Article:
"The Internet is transforming almost every element of the news business: shortening news cycles, eroding long-reliable revenue sources, and enabling new kinds of competition, some of which bear little or no news-gathering costs."
Jeff Bezos, Chairman and CEO of Amazon.com, who has bought The Washington Post.
In news that has stunned the media industry, The Washington Post Company announced on Monday 5 August that it has signed a contract to sell its newspaper publishing businesses, including The Washington Post newspaper, to Jeffrey P. Bezos, the Chairman and CEO of Amazon.com.
The $250m sale brings to an end the 80-year family ownership of the publication. The Graham family has been at the helm of the Post during what may come to be viewed as a golden era for the traditional press. Reporting on the often turbulent modern history of America, the paper reached international prominence through its trailblazing investigative reporting, most notably of Watergate in 1972.
Mr. Bezos has confirmed he is purchasing the company in an individual capacity and not through Amazon.com, Inc.
However, with the newspaper industry currently in a period of turmoil over its future business and financial revenue models, the sale to the man behind the world's largest online retailer could mark a significant moment for the news media.
In a message to Washington Post employees, Mr Bezos moved to reassure them about the newspaper's future:
"You'll heard the news and many of you will greet it with a degree of apprehension. When a single family owns a company for many decades, and when that family acts for all those decades in good faith, in a principled manner, in good times and in rough times, as stewards of important values – when that family has done such a good job – it is only natural to worry about change.
"So, let me start with something critical. The values of The Post do not need changing. The paper’s duty will remain to its readers and not to the private interests of its owners. We will continue to follow the truth wherever it leads, and we’ll work hard not to make mistakes. When we do, we will own up to them quickly and completely.
"I won’t be leading The Washington Post day-to-day. I am happily living in 'the other Washington' where I have a day job that I love. Besides that, The Post already has an excellent leadership team that knows much more about the news business than I do, and I’m extremely grateful to them for agreeing to stay on."
Changing news business
But Mr Bezos also made it clear that he would be leading the company into a new era for news journalism:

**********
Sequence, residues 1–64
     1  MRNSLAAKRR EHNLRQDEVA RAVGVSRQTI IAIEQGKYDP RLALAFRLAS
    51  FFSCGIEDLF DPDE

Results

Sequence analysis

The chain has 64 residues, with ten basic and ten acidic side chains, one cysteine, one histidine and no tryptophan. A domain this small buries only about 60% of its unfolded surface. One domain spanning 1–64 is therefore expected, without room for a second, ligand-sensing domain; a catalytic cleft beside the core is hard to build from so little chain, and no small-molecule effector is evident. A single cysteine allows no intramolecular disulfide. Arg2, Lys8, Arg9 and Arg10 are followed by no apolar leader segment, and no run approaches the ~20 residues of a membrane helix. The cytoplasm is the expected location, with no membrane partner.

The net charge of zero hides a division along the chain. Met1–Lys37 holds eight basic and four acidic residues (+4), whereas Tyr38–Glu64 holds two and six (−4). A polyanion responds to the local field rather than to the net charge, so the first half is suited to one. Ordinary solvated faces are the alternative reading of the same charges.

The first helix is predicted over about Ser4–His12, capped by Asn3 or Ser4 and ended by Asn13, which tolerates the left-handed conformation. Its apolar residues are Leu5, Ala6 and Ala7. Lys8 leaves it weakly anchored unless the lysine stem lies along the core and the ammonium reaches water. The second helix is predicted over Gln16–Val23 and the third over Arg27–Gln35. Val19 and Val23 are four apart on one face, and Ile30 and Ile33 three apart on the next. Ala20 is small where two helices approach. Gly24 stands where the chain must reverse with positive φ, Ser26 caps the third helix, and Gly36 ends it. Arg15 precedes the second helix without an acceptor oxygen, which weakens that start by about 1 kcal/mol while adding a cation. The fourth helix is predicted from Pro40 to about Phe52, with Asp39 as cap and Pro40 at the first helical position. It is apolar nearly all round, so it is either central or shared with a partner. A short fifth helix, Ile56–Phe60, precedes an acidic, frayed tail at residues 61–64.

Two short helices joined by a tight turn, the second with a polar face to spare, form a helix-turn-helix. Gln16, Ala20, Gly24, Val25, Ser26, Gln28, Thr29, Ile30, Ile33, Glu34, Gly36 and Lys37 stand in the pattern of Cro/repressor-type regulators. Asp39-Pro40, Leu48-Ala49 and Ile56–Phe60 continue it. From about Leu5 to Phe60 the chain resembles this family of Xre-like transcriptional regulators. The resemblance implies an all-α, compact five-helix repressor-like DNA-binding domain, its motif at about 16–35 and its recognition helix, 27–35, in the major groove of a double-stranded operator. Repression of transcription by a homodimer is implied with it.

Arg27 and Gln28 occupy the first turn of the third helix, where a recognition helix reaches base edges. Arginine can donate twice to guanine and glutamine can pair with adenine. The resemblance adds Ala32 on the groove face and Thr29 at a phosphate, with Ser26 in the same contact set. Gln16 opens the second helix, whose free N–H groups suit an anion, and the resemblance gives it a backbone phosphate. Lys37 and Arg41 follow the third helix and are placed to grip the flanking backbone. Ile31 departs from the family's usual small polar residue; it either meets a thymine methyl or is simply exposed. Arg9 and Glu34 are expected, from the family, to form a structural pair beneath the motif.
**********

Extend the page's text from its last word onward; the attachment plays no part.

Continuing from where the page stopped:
"There will, of course, be change at The Post over the coming years. That’s essential and would have happened with or without new ownership. The Internet is transforming almost every element of the news business: shortening news cycles, eroding long-reliable revenue sources, and enabling new kinds of competition, some of which bear little or no news-gathering costs.
"There is no map, and charting a path ahead will not be easy. We will need to invent, which means we will need to experiment. Our touchstone will be readers, understanding what they care about – government, local leaders, restaurant openings, scout troops, businesses, charities, governors, sports – and working backwards from there. I’m excited and optimistic about the opportunity for invention.
"Journalism plays a critical role in a free society, and The Washington Post -- as the hometown paper of the capital city of the United States -- is especially important."
With the national and international media having to react to the rapidly changing landscape of the internet and social media, local news is one area that may prove it can lead the way in adapting readers' priorities in the digital age.
Marc Astley, the Editorial Director of The Daily UK which publishes The Exeter Daily and The Plymouth Daily, said:
"I have no doubt this will be the first of an increasing number of surprising and industry changing deals involving traditional and new media.
"Although some observers may find it odd that a company which has earned its millions from the internet is investing in what is essentially a print product, I am sure they will have digital aspirations beyond the current offering.
"The media landscape is changing, and will continue to change, faster and more dramatically than at any point in history."
Pride in The Post
In its press statement, Donald E. Graham, Chairman and CEO of The Washington Post Company said:
“Everyone at the Post Company and everyone in our family has always been proud of The Washington Post — of the newspaper we publish and of the people who write and produce it."
“I, along with (Chief Executive) Katharine Weymouth and our board of directors, decided to sell only after years of familiar newspaper-industry challenges made us wonder if there might be another owner who would be better for the Post (after a transaction that would be in the best interest of our shareholders). Jeff Bezos’ proven technology and business genius, his long-term approach and his personal decency make him a uniquely good new owner for the Post.
"Mr. Bezos has asked Katharine Weymouth, CEO and Publisher of The Washington Post; Stephen P. Hills, President and General Manager; Martin Baron, Executive Editor; and Fred Hiatt, Editor of the Editorial Page to continue in those roles."
“With Mr. Bezos as our owner, this is the beginning of an exciting new era,” said Ms. Weymouth.
“I am honored to continue as CEO and Publisher. I have asked the entire senior management team at all of the businesses being sold to continue in their roles as well.”